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Nikolopoulou et al

of the participating OSa patients. 5 in line with the finding of Gagnon et al, 4 the outcome of that study suggested that a bite rise without a protrusive com- ponent may be associated with a risk of aggravation of OSa for some but not for all OSa patients. So far, however, no well-controlled prospective clinical trial has been performed on this topic, thus rendering the suggested association between stabi- lization splints and aggravation of OSa as incon- clusive. The aim of the present study, therefore, was to assess the influence of occlusal stabilization splints on sleep-related respiratory variables in OSa patients. a crossover, randomized, controlled trial design was employed. The hypothesis was that in- sertion of a stabilization splint, resulting in an increase of the vertical dimension of occlusion, ro- tation of the mandible, and reduction of the tongue space would yield a significant worsening of the OSa condition.

Materials and Methods

Settings and Participants

Potential participants for the study were selected from among those being referred to the center for Sleep-Wake Disorders of the Slotervaart Medical center in amsterdam by their family physician be- cause of a possible OSa. all potential participants underwent a thorough medical examination, includ- ing a full-night polysomnographic (PSG) record- ing, using Siesta hardware and Profusion software (compumedics). a multidisciplinary OSa team— consisting of neurologists; ear, nose, and throat spe- cialists; pulmonologists; dentists; psychologists; and technicians especially trained in sleep medicine— discussed all PSG recordings. all consecutive and eligible OSa patients for whom a mandibular ad- vancement device was indicated were invited to par- ticipate in the study, provided that they also fulfilled the other inclusion and exclusion criteria (see below). OSa was quantified and classified using the apnea- Hypopnea index (aHi), 3 which was used as this study’s primary outcome measure. according to the american academy of Sleep Medicine Task force, 3 an apnea is defined as a cessation of airflow for at least 10 seconds. a hypopnea is defined as a de- crease in nasal-oral airflow of more than 50% for at least 10 seconds, or a substantial decrease of less than 50% in nasal-oral airflow if associated with an arousal and/or an oxygen desaturation of great- er than 3%. The aHi is the number of apneas and hypopneas per hour of sleep. Based on the report of the american academy of Sleep Medicine Task

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force, 3 an aHi of at least 5 events/hour and the presence of excessive daytime sleepiness (measured objectively or subjectively), which is not explained by other factors, are commonly used for an OSa diagnosis. When excessive daytime sleepiness is absent, at least two symptoms, eg, recurrent com- plaints of unrefreshing sleep and daytime fatigue, should be present. 3 To be included in this study, participants had to be at least 18 years of age, and their aHi should have a value between 5 and 30 events/hour of sleep, 7 com- bined with an Epworth Sleepiness Scale (ESS) score of 6 to 10 (higher values were excluded for ethi- cal reasons) 8 or with at least two of the symptoms suggested by the american academy of Sleep Medi- cine Task force 3 (see above). further, the partici- pants had to have adequate retention possibilities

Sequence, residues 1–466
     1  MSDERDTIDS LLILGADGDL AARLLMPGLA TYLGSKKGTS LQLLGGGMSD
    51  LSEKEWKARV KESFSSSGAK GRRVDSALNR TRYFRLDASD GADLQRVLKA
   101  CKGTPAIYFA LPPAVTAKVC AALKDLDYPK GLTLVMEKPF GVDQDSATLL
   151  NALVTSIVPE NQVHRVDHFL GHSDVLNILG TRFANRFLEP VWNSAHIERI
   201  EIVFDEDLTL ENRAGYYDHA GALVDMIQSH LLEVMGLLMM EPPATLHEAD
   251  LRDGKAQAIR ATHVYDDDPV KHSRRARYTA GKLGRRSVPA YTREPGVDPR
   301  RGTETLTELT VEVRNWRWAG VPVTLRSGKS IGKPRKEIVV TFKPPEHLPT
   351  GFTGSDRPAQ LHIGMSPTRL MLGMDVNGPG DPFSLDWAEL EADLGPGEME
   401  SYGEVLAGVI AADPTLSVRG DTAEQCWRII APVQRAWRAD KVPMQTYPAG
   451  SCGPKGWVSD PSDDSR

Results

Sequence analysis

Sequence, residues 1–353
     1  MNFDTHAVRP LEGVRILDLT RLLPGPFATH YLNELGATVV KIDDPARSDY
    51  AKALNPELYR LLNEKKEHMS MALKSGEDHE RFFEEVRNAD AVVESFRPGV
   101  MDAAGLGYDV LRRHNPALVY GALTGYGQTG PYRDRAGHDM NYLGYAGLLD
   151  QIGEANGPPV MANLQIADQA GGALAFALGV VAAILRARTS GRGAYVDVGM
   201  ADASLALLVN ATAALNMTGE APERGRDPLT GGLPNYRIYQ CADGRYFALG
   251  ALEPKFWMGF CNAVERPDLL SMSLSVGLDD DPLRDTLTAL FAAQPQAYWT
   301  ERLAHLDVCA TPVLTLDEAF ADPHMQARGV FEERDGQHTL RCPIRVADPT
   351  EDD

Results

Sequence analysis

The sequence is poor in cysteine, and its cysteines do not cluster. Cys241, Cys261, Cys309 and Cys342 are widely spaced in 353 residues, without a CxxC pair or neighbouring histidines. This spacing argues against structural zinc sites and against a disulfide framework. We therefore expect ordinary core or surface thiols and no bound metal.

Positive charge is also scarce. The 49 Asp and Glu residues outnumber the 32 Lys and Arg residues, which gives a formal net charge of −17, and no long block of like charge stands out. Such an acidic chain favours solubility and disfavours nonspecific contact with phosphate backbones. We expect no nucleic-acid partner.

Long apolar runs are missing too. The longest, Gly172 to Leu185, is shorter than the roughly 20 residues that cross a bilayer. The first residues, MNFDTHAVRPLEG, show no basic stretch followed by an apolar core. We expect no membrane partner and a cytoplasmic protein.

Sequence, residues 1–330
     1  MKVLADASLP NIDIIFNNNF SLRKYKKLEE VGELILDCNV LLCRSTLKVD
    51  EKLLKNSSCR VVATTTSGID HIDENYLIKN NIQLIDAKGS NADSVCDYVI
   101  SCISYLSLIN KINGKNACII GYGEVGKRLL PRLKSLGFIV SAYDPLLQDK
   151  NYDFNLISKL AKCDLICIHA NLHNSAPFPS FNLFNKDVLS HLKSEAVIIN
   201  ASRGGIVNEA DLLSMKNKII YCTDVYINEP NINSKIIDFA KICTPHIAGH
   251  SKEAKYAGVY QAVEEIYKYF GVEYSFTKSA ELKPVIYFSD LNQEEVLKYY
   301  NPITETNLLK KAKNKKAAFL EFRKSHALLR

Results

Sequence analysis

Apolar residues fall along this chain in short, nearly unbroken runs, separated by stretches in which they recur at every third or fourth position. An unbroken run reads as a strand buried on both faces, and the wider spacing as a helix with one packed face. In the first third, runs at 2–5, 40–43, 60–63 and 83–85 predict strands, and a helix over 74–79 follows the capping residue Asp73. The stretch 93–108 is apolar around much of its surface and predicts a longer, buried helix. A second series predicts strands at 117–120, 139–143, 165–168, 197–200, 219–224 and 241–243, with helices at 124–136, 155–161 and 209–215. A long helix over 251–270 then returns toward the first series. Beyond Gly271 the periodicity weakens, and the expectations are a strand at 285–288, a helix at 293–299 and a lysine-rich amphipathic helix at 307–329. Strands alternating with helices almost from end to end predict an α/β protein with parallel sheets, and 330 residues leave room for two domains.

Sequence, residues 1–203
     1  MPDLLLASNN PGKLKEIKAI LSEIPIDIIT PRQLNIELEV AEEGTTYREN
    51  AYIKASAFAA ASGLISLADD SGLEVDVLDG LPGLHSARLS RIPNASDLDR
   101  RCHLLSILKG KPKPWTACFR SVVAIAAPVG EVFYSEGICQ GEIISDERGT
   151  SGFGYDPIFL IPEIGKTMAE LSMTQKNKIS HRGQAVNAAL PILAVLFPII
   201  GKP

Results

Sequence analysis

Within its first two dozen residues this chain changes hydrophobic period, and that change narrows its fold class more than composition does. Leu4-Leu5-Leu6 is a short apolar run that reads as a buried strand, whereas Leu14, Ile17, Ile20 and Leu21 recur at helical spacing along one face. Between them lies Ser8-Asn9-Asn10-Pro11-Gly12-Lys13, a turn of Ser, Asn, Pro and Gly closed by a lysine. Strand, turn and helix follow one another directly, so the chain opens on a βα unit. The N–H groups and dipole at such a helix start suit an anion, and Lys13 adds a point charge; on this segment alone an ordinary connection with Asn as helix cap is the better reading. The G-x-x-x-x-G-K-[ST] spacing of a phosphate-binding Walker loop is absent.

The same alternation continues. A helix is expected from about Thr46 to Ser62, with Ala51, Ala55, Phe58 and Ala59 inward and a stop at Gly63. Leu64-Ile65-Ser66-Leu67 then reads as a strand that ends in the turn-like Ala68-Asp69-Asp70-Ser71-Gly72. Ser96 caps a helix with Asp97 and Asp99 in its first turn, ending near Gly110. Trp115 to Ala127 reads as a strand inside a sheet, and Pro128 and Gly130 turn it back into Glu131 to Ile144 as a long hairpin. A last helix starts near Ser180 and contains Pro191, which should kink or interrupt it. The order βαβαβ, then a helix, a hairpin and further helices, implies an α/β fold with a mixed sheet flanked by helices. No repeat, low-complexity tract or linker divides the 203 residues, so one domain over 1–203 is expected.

in their dentition for an occlusal stabilization splint (ie, not missing more than two posterior teeth and not wearing a removable dental prosthesis), which was determined during a thorough dental examina- tion at the Department of Oral Kinesiology of the academic centre for Dentistry amsterdam (acTa). Exclusion criteria were medicine usage that influ- ences sleep (eg, selective serotonin reuptake inhibi- tors, benzodiazepines), a body mass index (BMi) of more than 40, and/or sleep bruxism (ie, diagnosed by a PSG recording following the criteria of Lavigne et al 9 ). Patients with temporomandibular disorders (diagnosis based on a functional examination of the masticatory system), 10 an unhealthy periodontium (ie, periodontal diseases), and/or dental pain (eg, chronic pulpitis) were excluded as well. following the above-outlined selection proce- dure, a total 16 OSa patients were asked to partici- pate in the present study. Six of them (3 men and